The Border Wall: 21 billion dollars for a project that will actually harm the U.S. econonomy and eliminate jobs

With the intent of trying to bring actual facts to bear on current debates in American politics, I started looking for information on the impact of illegal immigration on the American economy and, in particular, on blue collar jobs.

After all, the president is proposing to spend 2 billion this year on a wall to keep out illegal immigrants; and that’s just a down payment on the eventual 21 billion dollars it will ultimately cost.  To keep the budget “deficit neutral”, that money is being reallocated from other areas, resulting in cuts that will have a profound impact on programs that help working families, on environmental safety, on biomedical research and on America’s influence abroad.

So it seems reasonable to ask, what is the problem the border wall is intended to solve?  Does the fact that people can sneak into the United States overland without a visa pose a sufficient threat to justify spending that much of our hard-earned money to prevent it?

I came across this very interesting interactive budget model from the Wharton School at University of Pennsylvania (known for its MBA program, and hardly a hotbed of radicalism).  Interestingly, deporting 10% of illegal immigrants would have a slightly negative impact on the gross national product and would lead to a large decrease (yup, decrease) in overall employment.

Impact of deportations on U.S. employment

In an accompanying brief, the authors note that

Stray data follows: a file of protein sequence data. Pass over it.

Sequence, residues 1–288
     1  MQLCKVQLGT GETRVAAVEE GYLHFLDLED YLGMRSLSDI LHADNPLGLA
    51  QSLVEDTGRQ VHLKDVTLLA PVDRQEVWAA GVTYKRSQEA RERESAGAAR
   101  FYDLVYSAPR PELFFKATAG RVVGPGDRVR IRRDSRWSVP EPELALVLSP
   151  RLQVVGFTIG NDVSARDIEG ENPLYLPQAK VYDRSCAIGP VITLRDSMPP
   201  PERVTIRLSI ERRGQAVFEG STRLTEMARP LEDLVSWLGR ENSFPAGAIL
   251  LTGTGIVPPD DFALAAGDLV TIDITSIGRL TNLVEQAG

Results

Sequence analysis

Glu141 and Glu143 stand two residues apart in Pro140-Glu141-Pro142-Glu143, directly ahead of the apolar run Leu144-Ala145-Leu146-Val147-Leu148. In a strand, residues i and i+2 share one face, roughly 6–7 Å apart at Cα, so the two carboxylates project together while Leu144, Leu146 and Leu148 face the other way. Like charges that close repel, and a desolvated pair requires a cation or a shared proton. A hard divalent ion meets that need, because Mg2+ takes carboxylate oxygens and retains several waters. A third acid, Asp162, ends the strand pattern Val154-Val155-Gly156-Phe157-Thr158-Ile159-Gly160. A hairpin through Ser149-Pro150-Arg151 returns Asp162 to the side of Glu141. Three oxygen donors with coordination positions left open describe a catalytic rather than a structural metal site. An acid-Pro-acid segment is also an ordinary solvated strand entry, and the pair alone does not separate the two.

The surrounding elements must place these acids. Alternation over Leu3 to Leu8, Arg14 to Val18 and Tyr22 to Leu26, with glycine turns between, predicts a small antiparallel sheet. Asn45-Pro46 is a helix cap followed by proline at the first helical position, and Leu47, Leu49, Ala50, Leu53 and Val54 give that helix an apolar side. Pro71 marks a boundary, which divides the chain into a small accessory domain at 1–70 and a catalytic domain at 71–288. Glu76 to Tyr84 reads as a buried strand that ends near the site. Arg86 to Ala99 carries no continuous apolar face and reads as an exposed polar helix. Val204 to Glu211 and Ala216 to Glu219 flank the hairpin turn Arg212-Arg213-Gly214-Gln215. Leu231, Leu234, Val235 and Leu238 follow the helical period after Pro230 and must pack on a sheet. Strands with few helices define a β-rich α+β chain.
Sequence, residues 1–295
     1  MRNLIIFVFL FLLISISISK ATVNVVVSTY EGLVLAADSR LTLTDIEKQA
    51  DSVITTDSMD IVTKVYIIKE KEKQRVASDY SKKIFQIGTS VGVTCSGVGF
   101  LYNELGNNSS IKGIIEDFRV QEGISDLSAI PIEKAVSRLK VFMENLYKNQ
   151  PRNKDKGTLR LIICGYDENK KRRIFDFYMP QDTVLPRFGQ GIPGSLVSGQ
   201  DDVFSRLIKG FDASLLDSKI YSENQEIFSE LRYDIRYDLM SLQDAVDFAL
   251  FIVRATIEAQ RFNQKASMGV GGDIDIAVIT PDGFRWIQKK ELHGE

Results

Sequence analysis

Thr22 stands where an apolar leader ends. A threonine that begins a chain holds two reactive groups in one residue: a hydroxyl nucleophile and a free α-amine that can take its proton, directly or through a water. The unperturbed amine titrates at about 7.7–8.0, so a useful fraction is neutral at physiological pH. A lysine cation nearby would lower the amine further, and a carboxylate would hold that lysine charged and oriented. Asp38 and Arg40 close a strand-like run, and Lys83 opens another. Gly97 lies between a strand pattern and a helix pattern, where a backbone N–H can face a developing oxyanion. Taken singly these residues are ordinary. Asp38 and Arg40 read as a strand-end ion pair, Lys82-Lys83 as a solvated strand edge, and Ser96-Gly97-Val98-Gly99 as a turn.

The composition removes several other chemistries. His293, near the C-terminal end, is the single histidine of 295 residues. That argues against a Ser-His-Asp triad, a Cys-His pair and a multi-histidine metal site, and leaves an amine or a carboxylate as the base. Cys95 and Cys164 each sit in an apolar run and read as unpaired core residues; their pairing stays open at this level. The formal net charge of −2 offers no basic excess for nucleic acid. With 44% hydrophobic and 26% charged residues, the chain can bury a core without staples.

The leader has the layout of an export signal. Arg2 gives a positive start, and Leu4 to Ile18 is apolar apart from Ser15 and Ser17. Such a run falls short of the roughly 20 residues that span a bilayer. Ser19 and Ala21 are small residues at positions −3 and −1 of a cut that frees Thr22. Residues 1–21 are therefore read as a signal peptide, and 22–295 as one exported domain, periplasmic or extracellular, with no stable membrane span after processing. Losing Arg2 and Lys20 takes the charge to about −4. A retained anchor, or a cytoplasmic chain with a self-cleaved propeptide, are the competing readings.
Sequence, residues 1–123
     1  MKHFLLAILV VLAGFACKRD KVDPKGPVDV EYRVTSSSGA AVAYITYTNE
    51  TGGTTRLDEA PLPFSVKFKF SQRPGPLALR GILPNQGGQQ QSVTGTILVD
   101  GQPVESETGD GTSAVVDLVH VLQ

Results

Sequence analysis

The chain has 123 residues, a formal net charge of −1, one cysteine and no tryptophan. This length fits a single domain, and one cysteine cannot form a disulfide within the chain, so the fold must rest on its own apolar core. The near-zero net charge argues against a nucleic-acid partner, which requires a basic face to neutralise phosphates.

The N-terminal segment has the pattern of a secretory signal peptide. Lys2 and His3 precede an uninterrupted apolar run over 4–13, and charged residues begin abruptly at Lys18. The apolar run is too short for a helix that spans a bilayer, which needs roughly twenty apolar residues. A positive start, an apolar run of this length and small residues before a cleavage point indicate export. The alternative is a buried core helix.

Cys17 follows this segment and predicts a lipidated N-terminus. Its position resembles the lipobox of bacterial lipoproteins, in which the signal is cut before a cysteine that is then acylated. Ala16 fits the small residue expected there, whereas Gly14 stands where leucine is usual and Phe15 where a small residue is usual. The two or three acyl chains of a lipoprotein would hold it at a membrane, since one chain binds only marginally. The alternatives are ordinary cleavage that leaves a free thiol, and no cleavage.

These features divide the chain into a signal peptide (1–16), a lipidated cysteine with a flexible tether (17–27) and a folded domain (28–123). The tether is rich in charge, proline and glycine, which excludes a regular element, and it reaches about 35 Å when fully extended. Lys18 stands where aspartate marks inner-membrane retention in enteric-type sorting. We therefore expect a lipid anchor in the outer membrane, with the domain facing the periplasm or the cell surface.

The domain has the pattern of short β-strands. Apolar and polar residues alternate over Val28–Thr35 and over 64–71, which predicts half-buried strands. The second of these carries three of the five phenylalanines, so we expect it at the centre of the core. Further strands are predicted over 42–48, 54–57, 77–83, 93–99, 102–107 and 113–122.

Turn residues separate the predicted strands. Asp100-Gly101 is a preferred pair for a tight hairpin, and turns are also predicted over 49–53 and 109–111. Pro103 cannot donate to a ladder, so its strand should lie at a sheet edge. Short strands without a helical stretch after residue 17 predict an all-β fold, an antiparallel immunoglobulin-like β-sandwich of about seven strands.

…although immigrants increase the supply of labor, they also spend their wages on homes, food, TVs and other goods and services and expand domestic economic demand. This increased demand, in turn, generates more jobs to build those homes, make and sell food, and transport TVs.

Most empirical studies indicate long-term benefits for natives’ employment and wages from immigration, although some studies suggest that these gains come at the cost of short-term losses from lower wages and higher unemployment.

Standard economic theory implies that while higher labor supply from immigration may initially depress wages, over time firms increase investment to restore the amount of capital per worker, which then restores wages.

It seems to me that ginning up anti-immigrant sentiment among American workers to win an election is one level of bad; but spending 21 billion dollars of American money on a project that has absolutely no benefit to citizens and will probably harm the economy and reduce employment is a whole new order of magnitude of bad.

I believe the saying is: “if it ain’t broke, don’t <spend billions and billions of dollars to> fix it.”

Addendum: it was pointed out to me that the other rationale for the wall was presumed crimes by immigrants; but it appears that this is also a fallacy:

…several studies, over many years, have concluded that immigrants are less likely to commit crimes than people born in the United States. And experts say the available evidence does not support the idea that undocumented immigrants commit a disproportionate share of crime.

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